Capital punishment: Why death is the 'ultimate' punishment

Research output: Chapter in Book/Report/Conference proceedingChapter (peer-reviewed)peer-review

Abstract / Description of output

Both proponents and opponents of capital punishment largely agree that death is the most severe punishment that societies should consider imposing on offenders. This chapter considers how (if at all) this ‘Ultimate Thesis’ can be vindicated. Appeals to the irrevocability of death, the badness of being executed, the badness of death, or the harsh condemnation soceities express by sentencing offenders to death do not succeed in vindicating this Thesis, and in particular, fail to show that capital punishment is more severe than the most likely alternative punishment offenders would suffer, namely, lifelong incarceration. The most plausible vindication of the Ultimate Thesis instead resides in how being condemned to death alters a person’s psychological relation to death. Our ordinary tendencies toward “death denial” diminish the terror that our awareness of death can otherwise induce in us, thereby enabling us to pursue worthwhile lives despite knowing of death’s inevitability. But condemned individuals are continually compelled to confront both the reality and specific circumstances of their own deaths and so do not enjoy the protective psychic shield that death denial provides us. This ‘relational’ rationale does not obviously succeed in proving the Ultimate Thesis, but if the Thesis is true, this rationale is essential to its justification.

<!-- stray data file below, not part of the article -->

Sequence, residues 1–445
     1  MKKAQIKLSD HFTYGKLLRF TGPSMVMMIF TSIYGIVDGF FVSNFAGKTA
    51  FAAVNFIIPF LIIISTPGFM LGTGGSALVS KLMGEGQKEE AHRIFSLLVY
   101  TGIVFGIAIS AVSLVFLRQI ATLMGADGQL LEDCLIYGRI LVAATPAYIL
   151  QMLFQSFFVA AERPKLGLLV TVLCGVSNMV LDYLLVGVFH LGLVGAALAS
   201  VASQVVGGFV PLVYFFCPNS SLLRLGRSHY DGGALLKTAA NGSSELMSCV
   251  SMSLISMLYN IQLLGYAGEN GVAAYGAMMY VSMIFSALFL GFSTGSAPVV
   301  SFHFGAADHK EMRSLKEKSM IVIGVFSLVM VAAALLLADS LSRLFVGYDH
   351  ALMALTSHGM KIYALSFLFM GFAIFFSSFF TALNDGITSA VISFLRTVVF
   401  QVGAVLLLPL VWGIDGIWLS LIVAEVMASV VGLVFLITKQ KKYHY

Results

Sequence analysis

Original languageEnglish
Title of host publicationOxford Handbook of Punishment Theory and Philosophy
EditorsJesper Ryberg
PublisherOxford University Press
Publication statusAccepted/In press - 1 Jun 2022

Keywords / Materials (for Non-textual outputs)

  • capital punishment
  • death
  • death denial
  • Ernest Becker
  • terror management theory
  • value of death
  • welfare


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